Like most people, I never plan to devote my Saturday night to watching people discuss the value of ancient Chinese parasols or collectable porcelain baby figurines. And yet, five episodes of Antiques Roadshow later, there I am: sprawled across the couch, gasping at the screen because I’ve just witnessed a woman find out that the commemorative bald eagle plate she bought at a yard sale for $1 is worth $25,000.

The American version of Antiques Roadshow has been airing weekly on public television since 1997. The original British version is almost 20 years older than that. In each one, a frequently changing group of antiques appraisers and museum curators travel to cities across the country, where people gather in throngs, clutching their most prized found collectibles, hoping to learn that one of their items is so valuable that selling it might change their life, at least for a little while. Basically, Antiques Roadshow is American Idol for old junk that’s been collecting dust in your attic.

It is not a cool show. No one live-tweets it. I never have to worry about accidentally reading spoilers online. But every time I watch it I am filled with undeniable AWE. I am not alone in this—there is a Facebook page called “The Adrenaline Rush You Get While Watching Antiques Roadshow” that currently has 68,529 likes. I don’t really get football, but when I watch Antiques Roadshow I think I understand the thrill a sports fan gets when their favorite team scores a touchdown.

Antiques Roadshow has also instilled in me a kind of paranoid hoarder mentality, the same way that watching an Alfred Hitchcock movie makes you suddenly wonder what kinds of secrets your neighbors might be keeping. When I go thrift shopping, I flip over ceramic plates in hope of finding the markings that the Roadshow has taught me denote high value. I’m convinced that inside every reclusive old person’s home lies hidden treasure. Like, what kind of ancient objects are just sitting idle in my neighbor’s basement? Maybe that painting being sold at the yard sale down the street was stolen from the Louvre 100 years ago! OK, probably not.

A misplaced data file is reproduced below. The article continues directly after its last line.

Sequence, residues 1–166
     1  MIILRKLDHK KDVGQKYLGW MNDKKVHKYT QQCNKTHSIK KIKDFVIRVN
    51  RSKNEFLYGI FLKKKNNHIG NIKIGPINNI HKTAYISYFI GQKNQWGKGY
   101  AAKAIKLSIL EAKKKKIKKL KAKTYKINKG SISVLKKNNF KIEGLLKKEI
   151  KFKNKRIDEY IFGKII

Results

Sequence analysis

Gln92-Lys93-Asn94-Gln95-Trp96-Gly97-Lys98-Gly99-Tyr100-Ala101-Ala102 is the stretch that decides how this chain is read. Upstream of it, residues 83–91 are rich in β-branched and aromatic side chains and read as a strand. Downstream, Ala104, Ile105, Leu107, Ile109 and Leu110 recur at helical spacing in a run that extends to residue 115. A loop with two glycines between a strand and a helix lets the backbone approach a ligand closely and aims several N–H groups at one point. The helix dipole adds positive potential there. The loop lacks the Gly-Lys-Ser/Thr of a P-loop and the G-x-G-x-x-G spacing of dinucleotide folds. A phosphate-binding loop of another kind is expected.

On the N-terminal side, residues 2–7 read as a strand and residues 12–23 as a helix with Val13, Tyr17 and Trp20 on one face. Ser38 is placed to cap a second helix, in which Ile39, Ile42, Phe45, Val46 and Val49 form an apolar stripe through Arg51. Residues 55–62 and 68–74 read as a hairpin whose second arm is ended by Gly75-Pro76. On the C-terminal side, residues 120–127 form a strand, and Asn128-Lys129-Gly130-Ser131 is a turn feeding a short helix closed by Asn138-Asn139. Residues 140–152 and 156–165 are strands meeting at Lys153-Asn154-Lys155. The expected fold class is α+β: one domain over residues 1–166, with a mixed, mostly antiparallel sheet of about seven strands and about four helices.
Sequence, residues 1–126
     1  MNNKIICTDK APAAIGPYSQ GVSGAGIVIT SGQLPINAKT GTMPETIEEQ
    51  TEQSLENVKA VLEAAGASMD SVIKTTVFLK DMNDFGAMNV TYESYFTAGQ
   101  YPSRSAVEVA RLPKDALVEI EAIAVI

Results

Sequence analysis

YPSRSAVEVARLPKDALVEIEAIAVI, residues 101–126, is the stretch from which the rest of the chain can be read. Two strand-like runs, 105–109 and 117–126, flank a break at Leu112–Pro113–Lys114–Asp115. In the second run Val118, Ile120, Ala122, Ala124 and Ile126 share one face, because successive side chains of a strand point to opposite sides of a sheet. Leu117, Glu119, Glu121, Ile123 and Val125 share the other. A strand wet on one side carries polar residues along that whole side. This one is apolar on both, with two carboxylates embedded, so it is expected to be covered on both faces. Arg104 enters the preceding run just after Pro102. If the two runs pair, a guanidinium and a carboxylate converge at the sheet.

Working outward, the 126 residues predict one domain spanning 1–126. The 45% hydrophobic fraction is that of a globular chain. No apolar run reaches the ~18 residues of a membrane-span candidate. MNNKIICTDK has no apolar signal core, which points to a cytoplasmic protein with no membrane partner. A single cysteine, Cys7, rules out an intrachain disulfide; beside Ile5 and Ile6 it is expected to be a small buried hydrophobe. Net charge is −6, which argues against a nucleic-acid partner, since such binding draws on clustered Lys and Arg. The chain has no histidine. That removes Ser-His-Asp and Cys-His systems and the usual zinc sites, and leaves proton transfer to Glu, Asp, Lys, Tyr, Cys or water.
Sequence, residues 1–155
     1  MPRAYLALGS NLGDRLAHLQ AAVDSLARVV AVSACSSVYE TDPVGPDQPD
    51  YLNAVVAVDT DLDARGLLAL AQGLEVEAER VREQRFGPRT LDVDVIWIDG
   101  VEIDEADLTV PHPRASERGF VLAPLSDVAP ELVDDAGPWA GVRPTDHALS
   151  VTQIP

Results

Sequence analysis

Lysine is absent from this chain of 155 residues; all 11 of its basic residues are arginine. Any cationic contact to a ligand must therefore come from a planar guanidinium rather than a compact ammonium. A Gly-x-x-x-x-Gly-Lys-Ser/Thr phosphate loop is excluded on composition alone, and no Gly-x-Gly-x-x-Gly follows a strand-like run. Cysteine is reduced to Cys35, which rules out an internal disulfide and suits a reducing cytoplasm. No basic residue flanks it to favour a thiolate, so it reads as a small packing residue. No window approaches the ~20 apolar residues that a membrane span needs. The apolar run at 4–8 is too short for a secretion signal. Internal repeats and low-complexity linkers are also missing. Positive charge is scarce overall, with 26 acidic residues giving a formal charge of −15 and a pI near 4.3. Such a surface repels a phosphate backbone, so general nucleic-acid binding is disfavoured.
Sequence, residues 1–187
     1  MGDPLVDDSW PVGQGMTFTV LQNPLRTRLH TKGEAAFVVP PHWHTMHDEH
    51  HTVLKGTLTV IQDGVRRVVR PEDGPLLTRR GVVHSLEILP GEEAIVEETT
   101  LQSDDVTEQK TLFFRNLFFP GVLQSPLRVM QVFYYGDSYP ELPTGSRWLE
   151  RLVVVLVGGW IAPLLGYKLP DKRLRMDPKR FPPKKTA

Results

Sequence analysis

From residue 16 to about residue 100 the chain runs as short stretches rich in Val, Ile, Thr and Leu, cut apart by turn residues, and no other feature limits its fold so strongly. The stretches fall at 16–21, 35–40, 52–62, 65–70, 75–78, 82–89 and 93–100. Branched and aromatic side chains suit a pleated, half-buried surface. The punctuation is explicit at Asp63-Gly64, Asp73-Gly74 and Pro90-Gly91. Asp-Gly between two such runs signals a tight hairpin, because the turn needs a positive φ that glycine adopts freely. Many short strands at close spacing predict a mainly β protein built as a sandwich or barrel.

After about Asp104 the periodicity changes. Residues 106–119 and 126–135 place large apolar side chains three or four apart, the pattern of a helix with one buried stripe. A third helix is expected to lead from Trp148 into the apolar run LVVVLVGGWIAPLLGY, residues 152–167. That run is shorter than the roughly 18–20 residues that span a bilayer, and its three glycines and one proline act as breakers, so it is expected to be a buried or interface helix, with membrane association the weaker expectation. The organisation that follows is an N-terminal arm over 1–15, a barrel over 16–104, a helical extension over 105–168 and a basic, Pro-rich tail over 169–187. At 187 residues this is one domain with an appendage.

Each time I watch an episode, my attitude starts out like, “So what? It’s just a vase.” But then the appraiser starts describing some obscure detail about the piece, like how only three of them were ever made and the other two are hanging out in some distant royal palace, and then I’m like, “HOW COULD I BE SO NAÏVE? I BET THEY’RE WORTH LIKE $500,000” and then the appraiser’s like, “At auction, I believe these would go for around $3,000.” And by now I’m so invested that I feel palpably angry on behalf of the dude who brought the vase to the show in the first place.

If you think I’m exaggerating the drama of these moments, watch this woman’s life change forevermore because of a vase:

This isn’t a quaint show about casual antique-shopping on a Sunday afternoon, OK? This is X-TREME ANTIQUING for people who actually get breathless over the sight of an heirloom blanket. HEIRLOOM BLANKETS. Seriously, watch this guys call a BLANKET a “national treasure”:

Have you ever seen a blanket stir up such passion?

Often, though, people come in with high hopes, only to have them crushed. Like this guy, who gets trolled over his wood bathroom cabinet:

Watching Antiques Roadshow is a multidimensional experience. Each half hour is a history lesson, a sporting event, and a game show rolled into one. Also, it’s full of hilarious moments where people take themselves way too seriously. Like the woman at the beginning of this episode, who calls an ANTIQUE DRIED FLOWER a “poignant, evocative witness to the First World War.”

Sometimes the funnest part of the Roadshow is screaming at the people on it. Excuse me, but you just found out that your 18th-century Qianlong jade collection might be worth over a million dollars, and your response to “Is this going to change your life at all?” is “No”? Ummm.

But most of the time you’re so excited for these people! This next lady was a lifelong Elvis fan. Her friends found a old cardboard cutout in their attic and gave it her. There used to be many of these stand-up figures, but lots of them were torn to shreds by PASSIONATE TEENAGE GIRLS. She keeps it by her bed!

I also love it when the uptight appraisers aren’t afraid to get their hands dirty. Is your bracelet authentic? IDK, LEMME JUST BREAK OUT A GLASS OF WATER, DIP IT IN, AND SMELL IT.

This episode just left me mystified as to what a sock darner actually is, but I think I now need a dozen of them.

I’ve started to build my bucket list around this show. If anyone would like to join me on a road trip to the American Sign Museum, you’re more than welcome.

I like to imagine that when they’re on field trips like that, they kick back together at the end of the day at a Marriott Hotel bar and have passionate arguments over the worth of Fabergé eggs.

When I moved away from home without a TV, I worried that I wouldn’t get to binge-watch Roadshow anymore. But now that I know every episode is online, I am no longer afraid. To me, Antiques Roadshow is a timeless classic whose value will never diminish in my heart. ♦